In one exemplary embodiment, the priority queue may comprise a plurality of sub-queues, a classifier, and a scheduler. Each sub-queue corresponds to a different priority level. The classifier classifies the packets according to the different priority levels. The priority level assigned to each packet depends on the number of hops the packet must traverse to reach its final destination. Each packet is placed in a sub-queue corresponding to the priority level assigned to that packet. A scheduler selectively fetches packets to be switched or transmitted from the sub-queues one at a time. After a packet is transmitted, the scheduler fetches the next packet from the highest priority sub-queue having packets waiting to be transmitted. By selectively fetching packets from the highest priority queue, the higher priority packets have less delay than lower priority packets.
The present invention may further include a mechanism to prevent undelivered packets from remaining for excessively long periods in the lower priority queues. One method of preventing excessive latency periods is to drop packets from the sub-queues after a predetermined time period has elapsed. In this case, the dropped packet would be retransmitted. Alternatively, a packet that remains in a sub-queue for a predetermined period of time may be immediately “promoted” and sent even though other higher priority packets are waiting transmission in higher priority sub-queues. Another solution is to set a minimum throughput rate for each sub-queue. When the throughput rate for a particular sub-queue drops below a threshold, packets in that sub-queue may be transmitted to maintain the throughput rate above the minimum throughput rate.
Referring now to the drawings,
Each radio base station 14 connects to a base station controller 16, which, in turn, connects to a core network 18, which may comprise a packet-switched or circuit-switched network. The core network 18 connects to the Public Switched Telephone Network (PSTN) 20 and/or to a Packet Data Network (PDN) 22, such as the Internet. The details of the core network 18 are not germane to the present invention.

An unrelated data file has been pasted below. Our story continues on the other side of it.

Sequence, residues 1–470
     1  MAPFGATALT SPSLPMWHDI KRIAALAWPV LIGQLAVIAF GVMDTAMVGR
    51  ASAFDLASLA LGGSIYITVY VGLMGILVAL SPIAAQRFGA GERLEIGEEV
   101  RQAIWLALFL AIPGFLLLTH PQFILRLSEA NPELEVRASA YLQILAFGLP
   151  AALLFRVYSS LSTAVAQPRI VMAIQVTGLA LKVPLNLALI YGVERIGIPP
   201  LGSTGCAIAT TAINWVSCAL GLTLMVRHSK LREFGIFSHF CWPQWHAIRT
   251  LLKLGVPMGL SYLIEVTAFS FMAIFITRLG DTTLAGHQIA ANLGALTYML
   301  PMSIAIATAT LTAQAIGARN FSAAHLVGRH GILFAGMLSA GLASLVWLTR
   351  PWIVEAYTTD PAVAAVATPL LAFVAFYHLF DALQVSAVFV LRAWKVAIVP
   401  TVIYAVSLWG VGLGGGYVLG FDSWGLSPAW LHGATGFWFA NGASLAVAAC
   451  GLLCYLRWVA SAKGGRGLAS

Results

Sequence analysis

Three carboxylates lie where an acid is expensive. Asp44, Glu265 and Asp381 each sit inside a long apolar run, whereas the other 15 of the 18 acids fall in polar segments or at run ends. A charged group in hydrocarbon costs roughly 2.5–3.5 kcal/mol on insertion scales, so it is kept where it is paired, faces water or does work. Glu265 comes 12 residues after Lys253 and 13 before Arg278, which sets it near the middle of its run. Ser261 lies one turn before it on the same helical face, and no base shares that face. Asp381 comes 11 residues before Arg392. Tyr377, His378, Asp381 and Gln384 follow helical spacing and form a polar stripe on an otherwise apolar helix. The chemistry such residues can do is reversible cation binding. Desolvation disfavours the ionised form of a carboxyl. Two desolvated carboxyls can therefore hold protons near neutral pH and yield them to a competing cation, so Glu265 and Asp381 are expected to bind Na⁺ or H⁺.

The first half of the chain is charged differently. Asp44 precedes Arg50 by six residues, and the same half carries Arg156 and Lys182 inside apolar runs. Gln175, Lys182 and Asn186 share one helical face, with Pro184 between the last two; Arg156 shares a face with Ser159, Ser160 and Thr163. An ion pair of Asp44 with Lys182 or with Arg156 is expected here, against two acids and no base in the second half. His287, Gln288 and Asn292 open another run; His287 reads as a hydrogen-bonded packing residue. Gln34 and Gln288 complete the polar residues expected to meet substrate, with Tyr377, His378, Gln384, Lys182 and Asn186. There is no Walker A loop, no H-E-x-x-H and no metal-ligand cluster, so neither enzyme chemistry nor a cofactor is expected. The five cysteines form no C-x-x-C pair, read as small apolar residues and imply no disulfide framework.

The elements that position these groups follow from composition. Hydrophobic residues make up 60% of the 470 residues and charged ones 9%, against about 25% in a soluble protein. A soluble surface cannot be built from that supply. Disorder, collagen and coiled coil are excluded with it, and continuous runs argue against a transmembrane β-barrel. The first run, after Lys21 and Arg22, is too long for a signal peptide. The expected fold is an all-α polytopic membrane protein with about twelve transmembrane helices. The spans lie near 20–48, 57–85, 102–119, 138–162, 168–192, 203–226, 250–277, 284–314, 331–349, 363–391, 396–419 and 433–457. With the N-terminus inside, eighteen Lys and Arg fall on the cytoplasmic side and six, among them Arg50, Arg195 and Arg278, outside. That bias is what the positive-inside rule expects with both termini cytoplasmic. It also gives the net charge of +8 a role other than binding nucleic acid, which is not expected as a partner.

As shown in
The packets for all the radio base stations 14 are transmitted from the base station controller 16 over the same backhaul link. Packets intended for RBS-1 are transmitted between communication end points A and A′; those intended for RBS-N are transmitted between end points B and B′. The base station controller 16 and each radio base station 14 includes a switch 24 for switching packets. RBS-1 switches packets intended for RBS-1 to a local port 26 and packets destined for other radio base stations 14 to a second port 28 connecting to a second radio base station, denoted as RBS-2 (not shown). RBS-2, in turn, switches packets destined for RBS-2 to a local port 26 and packets destined for other radio base stations 14 to output port connecting to the next RBS. This process continues until the last radio base station 14, denoted as RBS-N is reached.
One disadvantage of the daisy chain topology for radio access network is that packets destined to the far end radio base station 14, e.g. RBS-N, traverses more hops than the near end radio base station 14, e.g., RBS-1. Therefore, packets intended for the far end radio base station 14 experience greater transmission delays than the near end radio base station 14. For certain applications, these transmission delays may produce a noticeable degradation in the quality of service provided to users connected to the far end station 14.
Each node in the chain (e.g., base station controller 102 or radio base station 104) includes a switch 108 for switching packets. Switches 108 may, for example, comprise asynchronous transfer mode (ATM) switches or routers for switching Internet Protocol (IP) packets. Additionally, each node in the chain includes one or more multi-level priority queues 110. In the forward direction, the base station controller 102 includes a multi-level queue at an output of the base station controller 102. Each radio base station 104, except possibly the last radio base station 104, includes a multi-level queue 110 at an output of the radio base station 104. Additionally, each radio base station 104 may include a multi-level priority queue 110 at an input to the radio base stations 104. In the reverse direction, the base station controller 102 includes a multi-level priority queue 110 at an input to the base station controller 102. Each radio base station includes a multi-level priority queue 110 at an output of the radio base station 104. Additionally, each radio base station 104, except possibly the last radio base station 104, may include a multi-level queue 110 at an input to the radio base station 104.